Audiobook Review: Holding Out for Christmas (The Christmas Tree Ranch #3)

Published June 30th 2020

Author: Janet Dailey

Narrator: Graham Winton

Audiobook Length: 7 hours 12 minutes

She’s all he wants for Christmas. Maybe even forever . . .

Conner Branch still hasn’t stopped thinking about the sultry singer he spotted on stage during last year’s Cowboy Christmas Ball. So imagine his surprise when he discovers the demure kindergarten teacher who comes home for the holidays to Branding Iron, Texas, is the very same woman. And once he’s up close and personal with the mesmerizing Megan, he’s downright determined to keep her by his side for good . . .

If only Conner Branch were simply the star struck cowboy she once believed him to be, Megan wouldn’t have to worry about losing everything to the rugged – and wildly romantic – rancher. With Christmas in the air, it’s a little too easy to imagine spending the holidays, not to mention her whole life, wrapped in Conner’s loving arms.

But this songstress has hopes for a big career back in Nashville. And no little holiday romance will ever get in the way of that. So what’s a woman to do when she finds herself facing down a love as bold and exciting as Texas itself?

Holding Out for Christmas is the third novel in The Christmas Tree Ranch series, which has three friends in small town Branding Iron, Texas and each has their own novel that intertwine together. While this is the third novel, it is the first one that I read and can be standalone. In this story, the main character is Connor Branch, who is a retired bull rider and now runs a Christmas ranch with his two best friends, who are featured in the other two novels in the series. After his two friends have found love, Connor is wondering if it is in the cards for him. The closest he has come recently is a Lacy Leatherwood, a singer that performed at the annual Christmas Cowboy Ball. As it turns out Lacy will be returning to this year’s event, but, unbeknownst to Connor, she is the alter ego of kindergarten teacher, Megan Carson from Nashville.

In addition to the secret identity plotline, there is also the added obstacle that Megan is semi-dating her boss, Derek, who is the principal of the school where Megan works, back in Nashville. Aside from him being presented as a “safe” option for her, there does not seem to be a huge connection between them. Additional members in Megan’s life is her mother, who works from home and has MS, her younger brother Daniel, who has Downs Syndrome, and her father who is trying to support his family. He works at the local supermarket and is dating his co-worker turned girlfriend, Katy, who also has Downs Syndrome. While the story does center around Connor and Megan, I found myself more drawn to Katy and Daniel’s story. Both of them are navigating their independence with supportive, but protective families. On Connor’s side is his close friendships with Rush and Travis and I loved their relationship.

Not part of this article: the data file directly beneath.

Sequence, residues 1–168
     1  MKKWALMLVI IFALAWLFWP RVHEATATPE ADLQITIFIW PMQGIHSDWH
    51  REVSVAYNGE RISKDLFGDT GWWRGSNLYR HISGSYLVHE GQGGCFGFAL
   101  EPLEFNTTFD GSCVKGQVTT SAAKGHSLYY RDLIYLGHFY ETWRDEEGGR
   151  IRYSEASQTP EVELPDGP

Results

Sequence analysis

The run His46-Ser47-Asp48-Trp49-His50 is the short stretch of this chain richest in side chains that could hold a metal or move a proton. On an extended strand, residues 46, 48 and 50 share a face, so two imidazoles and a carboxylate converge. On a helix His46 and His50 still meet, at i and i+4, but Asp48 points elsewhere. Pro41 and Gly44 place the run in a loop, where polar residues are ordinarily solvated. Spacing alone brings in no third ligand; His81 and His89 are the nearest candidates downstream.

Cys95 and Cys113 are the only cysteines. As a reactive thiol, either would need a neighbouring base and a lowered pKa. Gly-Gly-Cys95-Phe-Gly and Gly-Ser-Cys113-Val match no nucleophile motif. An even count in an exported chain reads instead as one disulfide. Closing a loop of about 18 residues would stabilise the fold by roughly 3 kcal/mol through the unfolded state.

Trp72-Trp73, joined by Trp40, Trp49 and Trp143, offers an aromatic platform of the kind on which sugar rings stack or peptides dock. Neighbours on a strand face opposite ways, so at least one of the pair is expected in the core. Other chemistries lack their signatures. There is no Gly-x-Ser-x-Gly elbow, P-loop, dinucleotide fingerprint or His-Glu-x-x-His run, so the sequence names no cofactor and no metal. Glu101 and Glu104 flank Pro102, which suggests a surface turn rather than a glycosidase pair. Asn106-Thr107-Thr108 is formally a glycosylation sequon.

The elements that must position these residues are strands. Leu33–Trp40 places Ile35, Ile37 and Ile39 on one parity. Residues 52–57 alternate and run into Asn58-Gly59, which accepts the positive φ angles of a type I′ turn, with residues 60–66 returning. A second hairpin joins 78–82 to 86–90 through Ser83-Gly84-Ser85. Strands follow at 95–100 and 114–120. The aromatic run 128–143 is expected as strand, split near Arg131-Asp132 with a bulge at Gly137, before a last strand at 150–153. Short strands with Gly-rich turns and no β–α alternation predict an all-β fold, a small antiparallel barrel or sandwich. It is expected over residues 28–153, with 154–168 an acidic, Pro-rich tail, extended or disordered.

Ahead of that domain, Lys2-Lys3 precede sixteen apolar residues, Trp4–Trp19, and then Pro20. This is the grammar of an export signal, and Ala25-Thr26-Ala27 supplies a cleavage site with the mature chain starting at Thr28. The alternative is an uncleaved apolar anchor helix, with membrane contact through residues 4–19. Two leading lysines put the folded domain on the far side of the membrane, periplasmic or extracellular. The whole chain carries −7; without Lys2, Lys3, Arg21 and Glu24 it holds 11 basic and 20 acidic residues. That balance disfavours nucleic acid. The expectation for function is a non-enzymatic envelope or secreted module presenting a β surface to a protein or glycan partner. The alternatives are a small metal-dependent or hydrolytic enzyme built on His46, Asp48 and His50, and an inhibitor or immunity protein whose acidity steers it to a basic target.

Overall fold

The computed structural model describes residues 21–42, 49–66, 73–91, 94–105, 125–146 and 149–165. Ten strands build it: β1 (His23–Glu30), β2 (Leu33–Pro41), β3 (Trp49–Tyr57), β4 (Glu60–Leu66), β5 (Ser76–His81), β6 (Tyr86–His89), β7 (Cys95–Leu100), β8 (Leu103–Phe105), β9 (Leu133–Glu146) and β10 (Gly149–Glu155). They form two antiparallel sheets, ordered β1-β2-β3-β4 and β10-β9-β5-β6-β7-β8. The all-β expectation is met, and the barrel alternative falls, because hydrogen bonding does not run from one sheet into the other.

Connor and Megan were cute together as Megan not only is involved with someone else, but also hiding her alter ego from Connor. As the story is duel perspective, it was nice to see both Connor and Megan’s sides of everything. Megan’s secret identity plays a huge role and her insecurities that everyone only wants Lacy instead of her weighs heavily on her mind. There are some “classic” overblown reactions throughout the story along with some heart-warming Hallmark-style moments, which made this a very sweet novel.

Overall, the novel read well as a standalone and I would be curious to eventually try the other two in the series. The seven puppies with bows on the cover was one of the factors that drew me to this novel, so it was very disappointing that they were not featured in the story. While the cover does portray the heart-warming holiday spirit, it seemed odd to have the image not match the contents of the story. Megan and Connor made a cute couple, but I felt there was something missing in their connection that was difficult to pinpoint. I think it is just the timing of events throughout the story between them where some were more rushed than other ones. As a whole, however, I greatly enjoyed this story and it is a nice read for anyone looking for a heart-warming tale.

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